“Here we go,” yelled Blake above the noise as they backed out of their mooring. He steered the boat slowly between two ancient webs of mangroves and then finally kicked it up a gear so the wind blew their hair. Katie let the stress and exhaustion roll off of her body. Andi popped the lids off the beers and joined Katie on a bench near the stern. When the mangroves finally fell away to the open sea, Blake shifted the boat into a higher gear and Katie turned to get a look at what she’d left behind, but all she could see was the billowy canopy of the trees. The boat skipped over small waves with slapping sounds and then Blake geared down and took a wide arc, tipping the boat precariously on its side. Andi got up when the boat had righted some, and Katie followed her to the edge of the hull. Blake looked down into the water, and then Katie saw it: a giant brown manta ray with wings bigger than an African elephant’s ears. It floated down in graceful circles, down and down and down until it was nothing but a shadow below the clear green water.
Without a word, Blake accelerated. The boat slapped at the water furiously until they topped out at enough speed that the hull only contacted the tips of the waves, smoothing out the ride. Katie sat back and closed her eyes, imagining everything bad slipping away behind her into the air and water, neutralized by the salt and the sun. She didn’t care about Tobias or Kaspar, or diapers, or Franziska’s fastidious instruction. She imagined having breakfast on her grandmother’s balcony. Half a grapefruit and coffee. Some toast with orange marmalade. The sun, the water, her grandmother’s cooing kindness.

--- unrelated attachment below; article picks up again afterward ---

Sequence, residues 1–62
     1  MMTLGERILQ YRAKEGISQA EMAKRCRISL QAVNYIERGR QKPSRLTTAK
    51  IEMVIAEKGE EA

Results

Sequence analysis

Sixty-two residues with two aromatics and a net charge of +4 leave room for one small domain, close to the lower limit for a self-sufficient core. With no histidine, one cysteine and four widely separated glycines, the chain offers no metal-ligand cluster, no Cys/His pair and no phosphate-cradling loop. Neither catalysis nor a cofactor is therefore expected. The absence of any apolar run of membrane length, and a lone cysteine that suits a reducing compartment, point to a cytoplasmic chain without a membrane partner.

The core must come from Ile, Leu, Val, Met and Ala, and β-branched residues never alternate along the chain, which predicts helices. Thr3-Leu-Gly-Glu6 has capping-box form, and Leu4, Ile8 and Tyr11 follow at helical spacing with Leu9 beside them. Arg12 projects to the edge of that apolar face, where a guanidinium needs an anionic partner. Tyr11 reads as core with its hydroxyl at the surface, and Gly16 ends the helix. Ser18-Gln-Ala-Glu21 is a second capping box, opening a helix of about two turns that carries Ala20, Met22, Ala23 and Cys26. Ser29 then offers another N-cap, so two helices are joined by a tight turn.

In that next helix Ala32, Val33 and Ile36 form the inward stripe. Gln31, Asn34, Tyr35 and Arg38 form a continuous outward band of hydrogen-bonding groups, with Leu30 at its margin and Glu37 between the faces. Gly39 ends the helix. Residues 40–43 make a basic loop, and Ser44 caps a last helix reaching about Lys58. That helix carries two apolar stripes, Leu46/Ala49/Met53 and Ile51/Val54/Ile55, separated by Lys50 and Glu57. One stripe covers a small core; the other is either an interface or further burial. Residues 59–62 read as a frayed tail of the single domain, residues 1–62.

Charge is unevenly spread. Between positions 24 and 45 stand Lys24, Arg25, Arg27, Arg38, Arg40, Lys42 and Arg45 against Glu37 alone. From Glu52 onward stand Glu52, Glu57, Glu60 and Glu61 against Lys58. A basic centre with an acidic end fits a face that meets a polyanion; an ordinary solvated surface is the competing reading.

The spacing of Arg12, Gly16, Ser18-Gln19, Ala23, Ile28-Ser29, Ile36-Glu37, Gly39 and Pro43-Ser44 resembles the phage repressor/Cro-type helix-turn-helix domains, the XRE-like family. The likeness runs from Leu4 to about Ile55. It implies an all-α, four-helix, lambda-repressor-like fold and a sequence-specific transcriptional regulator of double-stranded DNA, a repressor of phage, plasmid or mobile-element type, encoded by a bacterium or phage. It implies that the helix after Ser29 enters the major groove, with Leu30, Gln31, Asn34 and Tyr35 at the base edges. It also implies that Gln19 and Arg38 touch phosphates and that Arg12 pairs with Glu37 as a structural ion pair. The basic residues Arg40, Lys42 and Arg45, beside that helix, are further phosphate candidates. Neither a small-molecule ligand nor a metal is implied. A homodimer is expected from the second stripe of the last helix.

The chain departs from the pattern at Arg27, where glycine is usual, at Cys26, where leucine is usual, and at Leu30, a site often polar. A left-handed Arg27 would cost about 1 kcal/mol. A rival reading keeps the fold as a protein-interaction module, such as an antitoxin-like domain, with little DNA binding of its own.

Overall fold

“Oh fuck,” shouted Blake. “Oh fuck, oh fuck, oh fuck.”
Katie sat up. A fast moving formation of three boats approached on the starboard side with the officiousness of a regiment of soldiers. Blake steered left and shifted up with little change in momentum. The three boats gained proximity but Blake didn’t slow or change course. Andi sat Indian style with her head between her knees or Katie would have tried to ask, over the roar of the engine, what the hell was going on. The front-running boat cut off their trajectory and Blake turned even further to the left, sacrificing speed, and the other two boats kept pace on either side. Katie’s whole body pounded with her thundering heart.
A man with a megaphone on the portside boat announced that Blake was to kill his engine. Resistance was clearly futile. Blake cut the engine and the boat glided and bobbed. Katie read ‘DEA’ on the hulls of the boats that circled them until they’d lost all forward motion and simply rode on the lull. Three men boarded the boat, each hopping steadily in, and two men in each boat stood at attention, aiming sub-machine guns at their chests. Fire rose in Katie’s face and she couldn’t swallow and tears were already flowing from her eyes though she didn’t whimper. The sun bounced off the black polyester fibers of the DEA uniform worn by a muscular young man who tightened a pair of handcuffs around her wrists and escorted her and Andi onto his vessel. Blake was taken onto another boat. Katie and Andi watched as the agents pulled large square packages wrapped in white plastic from the hull and piled them onto the bench where she and Andi had been sitting minutes before. Katie looked at the DEA agent next to her. Beneath the bill of his hat, his nose and clean-shaven chin shone with a generous application of sunscreen. It was her own terrified reflection she saw in his Ray Ban sunglasses.
Elizabeth Lopeman has written for Sculpture Magazine, American Craft Magazine, FiberArts, Bitch, Eugene Magazine, Drain Magazine.com, and various other magazines and websites. She currently lives and works in Munich.